We’ve been a little behind in sharing links of things we’ve mentioned in our last three episodes, so here is a round-up of everything, starting with our most recent episode. … More Links roundup: book recommendations, elections in Nigeria and Madagascar, and more!
Don’t miss our first episode featuring an interview conducted at the African Studies Association annual meeting last week. We chat with George Bob-Milliar and Lauren MacLean about recent student protests at Kwame Nkrumah University of Science and Technology (KNUST), where George is a Senior Lecturer in the Department of History and Political Studies. Lauren was on campus during the protests visiting Ghana for research; she is the Arthur F. Bentley Chair and Professor of political science at Indiana University at Bloomington.
In addition to telling the story of how the KNUST protests unfolded and the grievances students had that led to the protests, George and Lauren talk more broadly about what the protests (and state response) mean for academic freedom, democracy in Ghana, and more. Their segment begins at 6:51. … More Ep47. A conversation with George Bob-Milliar and Lauren MacLean about student protests at KNUST in Ghana
For the first time ever, Kim and Rachel are together to record this week’s episode, which includes a conversation with Northwestern University’s Evan Mwangi. Professor Mwangi talks about his most recent book, Translation in African Contexts, and the debates about literature in African languages. He also tells us about his next book, which will be about animals in African literature. … More Ep46. A conversation with Evan Mwangi on translations, literature in African languages, and more
In this week’s episode, we talk about conflict in Cameroon, work by the writer Ngũgĩ wa Thiong’o, land restitution in South Africa, and Nanjala Nyabola’s new book. This week’s featured conversation is with Abdulbasit Kassim, who visited Northwestern University’s Institute for the Study of Islamic Thought in Africa earlier this week. Kassim is a PhD student in the Department of Religion at Rice University, where his research focuses on the Intellectual History of Islam in Africa, Contemporary Islamic Movements in Africa, Postcolonial African States, African Religions, and the International Relations of Sub-Saharan Africa. He is the co-editor of The Boko Haram Reader: From Nigerian Preachers to the Islamic State. The Boko Haram Reader is an unprecedented collection of primary source texts, audio-visuals, and nashids translated into English from Hausa, Arabic, and Kanuri. It traces the history and evolution of the Boko Haram movement. Kassim’s segment begins at 5:53. … More Ep45. A conversation with Abdulbasit Kassim on religion, Boko Haram, and more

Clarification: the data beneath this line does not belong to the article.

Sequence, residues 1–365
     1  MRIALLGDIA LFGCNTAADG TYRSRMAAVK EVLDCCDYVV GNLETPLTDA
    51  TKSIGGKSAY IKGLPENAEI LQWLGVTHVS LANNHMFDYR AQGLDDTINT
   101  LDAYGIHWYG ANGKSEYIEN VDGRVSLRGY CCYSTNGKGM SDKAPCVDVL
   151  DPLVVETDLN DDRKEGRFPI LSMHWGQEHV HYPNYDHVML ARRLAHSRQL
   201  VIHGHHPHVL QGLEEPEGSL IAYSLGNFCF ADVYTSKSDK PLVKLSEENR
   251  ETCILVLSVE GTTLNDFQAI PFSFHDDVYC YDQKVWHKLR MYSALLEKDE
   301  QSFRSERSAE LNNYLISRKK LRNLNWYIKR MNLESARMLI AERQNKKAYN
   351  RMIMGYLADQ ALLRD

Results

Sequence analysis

One of the first things we mentioned in this week’s episode was two new podcasts we thought our listeners would be interested in: On Africa with Travis Adkins (@TravisLAdkins) and Into Africa with Judd Devermont (@JDevermont). Long-time listeners may remember that Judd was on Ufahamu Africa during our first season, when we talked about the Biafran War. … More Links this week: new Africa podcasts, media freedom in Tanzania, and more
In this episode of Ufahamu Africa, we talk about a new West African currency, media freedom in Tanzania, and an Ethiopian satellite that will launch soon. This week’s featured conversation is with Dr. Anthonia Kalu, a professor of comparative literature and gender and sexuality studies at UC Riverside. In our chat we talk about kola nuts, cross-cultural digital possibilities, writing, and African storytelling. Her interview begins at 6:44. … More Ep44. A conversation with Anthonia Kalu on writing and African storytelling
In this week’s episode, we featured a chat with Jennifer Kyker on the mbira, gender, and music from Zimbabwe’s liberation movement. Much of the conversation referred to her 2014 article, “Learning in Secret: Entanglements between Gender and Age in Women’s Experiences with the Zimbabwean Mbira Dzavadzimu.” Somehow, we didn’t get a chance to talk about her excellent book, Oliver Mtukudzi: Living Tuku Music in Zimbabwe, published by Indiana University Press.
At the end of the episode, we asked for a music (in lieu of a book) recommendation and Jennifer Kyker told us about an artist who came to be known through songs he wrote during Zimbabwe’s liberation struggle: Comrade Chinx, aka Dickson Chingaira; Kyker specifically pointed our listeners to his “Nzira Dzemasoja” (which she translated to as “the path of soldiers”, and based in Mao’s principles of moral military combat): … More Links this week: Ethiopia’s new female president, #BecauseWeBleed protests in South Africa, and more